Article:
However, once Blip TV was bought by Maker Studios on August 21, 2013 (which would be then bought by Disney on March 24, 2014), things quickly went downhill for the site. What followed then was at least two content creator purges based on how much money they were making for the site, one of which happened on November 7, 2013. These purges, however, would only go on to further damage the site's reputation and diminish its userbase, until finally, in 2015, it was announced that Blip would soon stop accepting new content. Blip.tv was then shut down by Maker Studios on August 20, 2015, which, in turn, made it so that several archives of the site were made, including, most notably, one by Archive Team.
The following web series were hosted on Blip TV:
- Chad Vader
- Cinemassacre (except for The Angry Video Game Nerd)
- DesuDesBrigade (all shows)
- Digg Nation
- Geekvision (all shows)
- Red vs. Blue
- The Spoony Experiment
- Channel Awesome (exceptions include Stuart Ashen's Ashen's Tech Dump videos, which are hosted on BBC Comedy's YouTube page, the The Angry Joe Show, which is hosted on Joe's YouTube channel, and a handful of contributors who now post to Springboard)
- Yu-Gi-Oh! The Abridged Series
- Marc Mues
- The Bunny Perspective
- You Can Play This!
- Feminist Frequency
- SF Debris
- Echo Chamber (a show by this very wiki)
- Oddity Archive (a victim of one of the late 2013 creator purges)
It should be noted, however, that most of these folks were formerly hosted Revver before some notably nasty stuff happened with that provider, causing a great migration over to Blip. However, other issues with Blip involving customer support and monetary issues caused some of these people to leave Blip for another provider, Springboard (among them are TGWTG's Obscurus Lupa — who would then returned to Blip — and Sad Panda), before the former actually shut down. This means that, although a great many series were hosted on Blip back when it was still around, not all that many of them were actually lost when it shut down. As for the ones that actually stayed on the sinking ship, however... well, as mentioned before, Archive Team is your friend.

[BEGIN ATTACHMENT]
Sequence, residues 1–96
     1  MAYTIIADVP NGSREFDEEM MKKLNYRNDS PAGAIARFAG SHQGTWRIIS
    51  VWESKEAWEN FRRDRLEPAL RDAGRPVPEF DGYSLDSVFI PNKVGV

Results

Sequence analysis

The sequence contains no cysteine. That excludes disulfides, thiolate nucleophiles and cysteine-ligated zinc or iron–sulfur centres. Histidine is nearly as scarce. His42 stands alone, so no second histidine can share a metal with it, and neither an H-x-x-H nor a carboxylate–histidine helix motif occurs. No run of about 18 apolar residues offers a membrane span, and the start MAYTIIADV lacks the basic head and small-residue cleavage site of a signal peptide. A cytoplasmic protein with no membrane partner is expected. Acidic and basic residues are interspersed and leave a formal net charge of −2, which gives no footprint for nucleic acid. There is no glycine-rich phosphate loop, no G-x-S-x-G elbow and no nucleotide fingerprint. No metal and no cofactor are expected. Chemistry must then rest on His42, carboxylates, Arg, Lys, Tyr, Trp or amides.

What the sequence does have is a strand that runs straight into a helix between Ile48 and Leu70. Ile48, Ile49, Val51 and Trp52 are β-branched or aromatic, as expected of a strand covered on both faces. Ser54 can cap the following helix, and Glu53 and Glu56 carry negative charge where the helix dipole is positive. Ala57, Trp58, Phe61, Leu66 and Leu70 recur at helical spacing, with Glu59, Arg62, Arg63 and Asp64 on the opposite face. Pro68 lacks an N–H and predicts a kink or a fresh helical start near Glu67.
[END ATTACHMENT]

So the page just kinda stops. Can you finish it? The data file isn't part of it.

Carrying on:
Also, as an interesting off note, at the time of its demise, Blip TV was blocked in China and Turkey.
Blip TV provides examples of:
- Can't Catch Up: Blip TV was once so popular it had half as many page visits as YouTube itself, it then started falling behind other content streaming platforms because of its customer support and video monetization issues.
- Irony / Laser-Guided Karma: In 2013, Blip TV started banning uploaders that weren't making enough money in the hopes this would end their financial troubles. This then proved to be the last straw for its userbase, however, as it led to them simply abandoning the platform en masse. In the end, the site's financial troubles only got worse, causing it to eventually shut down in 2015.
- The Purge: As noted above, Blip TV carried out at least two content creator purges once it started to suffer from financial troubles. This actually only accelerated its demise.